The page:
Thermal Effect of a Woolen Cap in Low Birth Weight Infants During Kangaroo Care.
Cavallin Francesco,Segafredo Giulia,Pizzol Damiano,Massavon William,Lusiani Marta,Wingi Olivier,De Vivo Manuela,Da Dalt Liviana,Boscardin Chiara,Manenti Fabio,Putoto Giovanni,Trevisanuto Daniele,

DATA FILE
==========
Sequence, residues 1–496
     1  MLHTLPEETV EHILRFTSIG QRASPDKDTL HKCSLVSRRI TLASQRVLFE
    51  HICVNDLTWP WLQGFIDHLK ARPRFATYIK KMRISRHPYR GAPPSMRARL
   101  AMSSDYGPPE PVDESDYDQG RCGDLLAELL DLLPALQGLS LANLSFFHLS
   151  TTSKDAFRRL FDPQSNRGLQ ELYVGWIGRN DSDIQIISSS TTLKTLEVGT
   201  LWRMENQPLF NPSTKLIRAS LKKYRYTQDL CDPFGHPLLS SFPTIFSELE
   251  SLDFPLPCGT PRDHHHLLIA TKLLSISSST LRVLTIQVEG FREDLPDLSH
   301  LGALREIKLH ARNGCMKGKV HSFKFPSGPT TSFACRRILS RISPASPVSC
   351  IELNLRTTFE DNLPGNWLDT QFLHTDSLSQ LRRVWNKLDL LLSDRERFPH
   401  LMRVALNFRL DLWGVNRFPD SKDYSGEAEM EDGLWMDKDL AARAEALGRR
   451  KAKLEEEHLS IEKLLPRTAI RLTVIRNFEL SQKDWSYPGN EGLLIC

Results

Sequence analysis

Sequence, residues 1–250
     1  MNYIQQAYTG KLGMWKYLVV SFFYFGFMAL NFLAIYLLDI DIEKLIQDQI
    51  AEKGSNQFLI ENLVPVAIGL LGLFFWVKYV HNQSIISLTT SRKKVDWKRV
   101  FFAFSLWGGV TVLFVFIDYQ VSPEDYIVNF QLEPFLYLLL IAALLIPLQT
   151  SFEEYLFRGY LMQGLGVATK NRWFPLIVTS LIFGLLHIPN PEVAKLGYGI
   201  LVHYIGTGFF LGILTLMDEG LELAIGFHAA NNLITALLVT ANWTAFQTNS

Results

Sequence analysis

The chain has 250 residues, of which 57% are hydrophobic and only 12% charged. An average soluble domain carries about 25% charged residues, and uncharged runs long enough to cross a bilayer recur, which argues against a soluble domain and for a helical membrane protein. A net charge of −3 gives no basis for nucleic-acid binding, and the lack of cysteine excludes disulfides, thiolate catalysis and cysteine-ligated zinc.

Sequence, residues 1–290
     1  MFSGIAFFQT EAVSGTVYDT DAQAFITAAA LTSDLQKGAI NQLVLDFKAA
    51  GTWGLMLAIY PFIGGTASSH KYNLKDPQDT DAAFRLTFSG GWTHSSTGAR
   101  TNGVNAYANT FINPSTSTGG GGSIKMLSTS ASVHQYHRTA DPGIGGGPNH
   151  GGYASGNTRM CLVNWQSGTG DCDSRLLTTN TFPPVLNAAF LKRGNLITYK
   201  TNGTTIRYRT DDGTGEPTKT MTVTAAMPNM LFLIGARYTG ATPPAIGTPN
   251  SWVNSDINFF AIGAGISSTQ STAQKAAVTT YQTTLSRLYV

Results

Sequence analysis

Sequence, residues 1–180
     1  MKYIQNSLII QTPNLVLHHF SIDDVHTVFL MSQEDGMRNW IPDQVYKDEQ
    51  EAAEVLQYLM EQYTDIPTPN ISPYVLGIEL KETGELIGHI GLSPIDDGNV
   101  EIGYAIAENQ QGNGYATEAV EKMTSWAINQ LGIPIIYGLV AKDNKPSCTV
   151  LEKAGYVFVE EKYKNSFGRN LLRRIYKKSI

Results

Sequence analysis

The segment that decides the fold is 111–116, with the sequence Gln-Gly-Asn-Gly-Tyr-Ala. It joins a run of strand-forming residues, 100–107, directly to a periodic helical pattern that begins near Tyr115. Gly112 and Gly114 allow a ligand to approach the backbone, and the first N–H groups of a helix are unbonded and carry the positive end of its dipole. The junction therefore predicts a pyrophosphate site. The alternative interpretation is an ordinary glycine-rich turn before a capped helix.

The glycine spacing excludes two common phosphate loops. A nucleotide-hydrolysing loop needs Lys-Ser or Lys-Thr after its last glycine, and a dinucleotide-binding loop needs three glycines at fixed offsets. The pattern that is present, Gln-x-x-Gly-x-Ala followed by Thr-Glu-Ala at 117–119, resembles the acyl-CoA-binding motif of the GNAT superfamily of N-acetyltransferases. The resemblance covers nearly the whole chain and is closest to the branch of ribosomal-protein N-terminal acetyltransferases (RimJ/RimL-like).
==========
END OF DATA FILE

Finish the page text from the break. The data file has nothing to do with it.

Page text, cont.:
BACKGROUND AND OBJECTIVES:World Health Organization guidelines recommend covering the head during kangaroo mother care (KMC), but the effect of a cap on neonatal thermal control during KMC remains to be defined. Our objective was to assess the effectiveness and safety of a woolen cap in maintaining low birth weight infants (LBWIs) in normal thermal range during KMC. METHODS:Three hundred LBWI candidates for KMC in 3 African hospitals were randomly assigned to KMC with (CAP group) or without (NOCAP group) a woolen cap in a 1:1 ratio during the first week after birth. Axillary temperature was measured every 6 hours. Maternal and room temperature and adherence to skin-to-skin contact were registered at the same time points. RESULTS:A total number of 5064 measurements were recorded (median 19 measurements per subject; interquartile range: 10-25). Mean time spent in normal temperature range was 55% (SD 24) in CAP and 56% (SD 24) in NOCAP groups. Multivariable analysis estimated a rate ratio of 0.92 (95% confidence interval: 0.84 to 1.00; = .06) for the effect of the cap versus no cap on time spent in the normal temperature range. CONCLUSIONS:In these 3 African, low-resource settings and so many days post birth, the use of a woolen cap was safe but provided no advantages in maintaining LBWI in the normal thermal range while being in a KMC ward. LBWIs spent only half of the time in the normal temperature range despite warm rooms and skin-to-skin contact. Maintaining normothermia in LBWIs remains an unfinished challenge in low-resource settings.